April 13, 2020
Getting to know the developers behind Backbone, Dead Static Drive, and A Juggler’s Tale
So, late last year, we retooled the project, opened it up to any and all projects under Unreal Engine development (not limited to Dev Grant recipients), and focused on what fuels the inspiration and creativity behind these projects and how teams of different configurations collaborate to make them a reality.
We’re three profiles in now, and it seems like a good time to share the results so far.
Dead Static Drive: A Dark and Winding RoadThe road trip horror game Dead Static Drive was the subject of the very first Revving the Engine, so it seemed fitting to kick off the new series by returning to it so we could see how it has come along. I spoke at length with Lead Developer Mike Blackney about his ever-changing relationship with cars and, more importantly, his lifelong interest in horror. Here’s a sample of the story:
This time, we start talking about The Tourist’s Guide to Transylvania, an odd art book from 1981 that reprints a bunch of horror novel cover paintings and tries to tie them together through the narrative conceit of being a travel guide for the most horrific place on earth. Through some cosmic quirk of fate, we both picked up copies for ourselves within a few months of each other.
“I think I was five years old when I was in a library, and kids would go and find books with pictures that are scary or sexy (or any other adult stuff),” he says. “I don’t remember who it was, but a friend of mine brought the Tourist’s Guide and flicked through it, showing some of the pictures. I remember seeing a painting of the undead with gross worms coming out of the zombie’s face. I thought it was saying that zombies are real, and if you go to Transylvania, you’ll find them.”
Backbone: We’re All AnimalsFor our second feature, I spoke to Aleksandra Korabelnikova, Narrative Designer for EggNut’s Backbone - a gorgeous, side-scrolling detective game set in Vancouver and populated by anthropomorphic animals. We discussed pixel art, the game’s roots in noir and hardboiled fiction, and how animal characters open the way to honest discussion of social issues, as well as the pros and cons of developing a game when your studio members are spread across six time zones (con: not enough hugs).
Back in 2017, the game that would eventually become Backbone was entirely different, a stealth game in a science-fiction setting. During a conference call brainstorming session, the team was interrupted by a crash that came from outside co-founder Nikita Danshin’s home. Raccoons had stormed his composting bin. To scare them off, Nikita, also the game’s composer, resorted to the loudest thing he had at hand: his trumpet.
The incident wasn’t soon forgotten. “We were unable to stop chuckling about how fun it would be to play as a raccoon strategically stealing people’s garbage,” says Alex [Korabelnikova], “and after a few iterations, Backbone’s world of anthropomorphic animals was born.” Character Designer and Senior Artist Kristina Dashevskaya worked up concepts for a swearing, trench coat-wearing raccoon. “We instantly fell in love, and the rest of the world building stemmed from there.” The science fiction stealth theme fell away, and a raccoon detective took center stage.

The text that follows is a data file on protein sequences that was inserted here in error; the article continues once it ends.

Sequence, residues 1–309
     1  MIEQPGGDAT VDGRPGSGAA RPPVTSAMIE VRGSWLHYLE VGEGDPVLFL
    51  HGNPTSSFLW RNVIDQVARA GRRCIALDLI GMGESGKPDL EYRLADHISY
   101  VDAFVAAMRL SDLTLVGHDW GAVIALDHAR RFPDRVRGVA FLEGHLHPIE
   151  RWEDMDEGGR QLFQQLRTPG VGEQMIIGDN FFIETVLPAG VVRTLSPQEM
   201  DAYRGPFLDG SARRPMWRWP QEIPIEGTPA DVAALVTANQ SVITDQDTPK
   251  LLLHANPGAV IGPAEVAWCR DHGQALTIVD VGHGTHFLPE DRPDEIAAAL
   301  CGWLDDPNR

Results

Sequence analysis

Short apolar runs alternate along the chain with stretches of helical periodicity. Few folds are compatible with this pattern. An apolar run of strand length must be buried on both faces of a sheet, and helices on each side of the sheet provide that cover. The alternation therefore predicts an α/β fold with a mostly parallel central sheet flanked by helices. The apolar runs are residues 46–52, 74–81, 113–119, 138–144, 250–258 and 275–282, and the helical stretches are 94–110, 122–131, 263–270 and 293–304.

A Juggler’s Tale: Pull the StringsFinally, just a few weeks back, we talked to Dominik Schön of Kaleidoscube, a student studio out of Germany working on A Juggler’s Tale, an intriguing puzzle platformer revolving around the adventures of a marionette in a puppet theater. The irony of a group of three students managing an almost unimaginable number of responsibilities to work on a game about pulling a puppet in different directions was not lost on Dominik, but that only adds to the layers of metacommentary in the game’s narrative.
“We wanted to build a strong connection between the player and the narrator,” says Dominik. “Of course, with all the characters being connected to the omnipresent narrator through the strings, they can be the reason for conflicts between the puppets and the narrator. They are a movement restriction but also an opportunity for the narration to actually interfere with the player's action by lifting the string puppet around.”
This gets meta very fast. The narrator controls Abby as well as every other character in the play, so acts in a way as both protagonist and antagonist. Meanwhile, the player is competing for control of Abby, and the developers—in their way—are pulling the strings of everyone.
“Multiple layers of control and constructed story!” says Dominik. “Also, there is a traveling circus inside a puppet-theater play inside a video game – it's always so hard to summarize this game in one short sentence.”
I will be back in a few months with another batch of features. If you’d like to read them as they come out, consider subscribing to Unwinnable Monthly – we’re an entirely independent publication devoted to thoughtful cultural criticism and we’d love for you to check out what we do.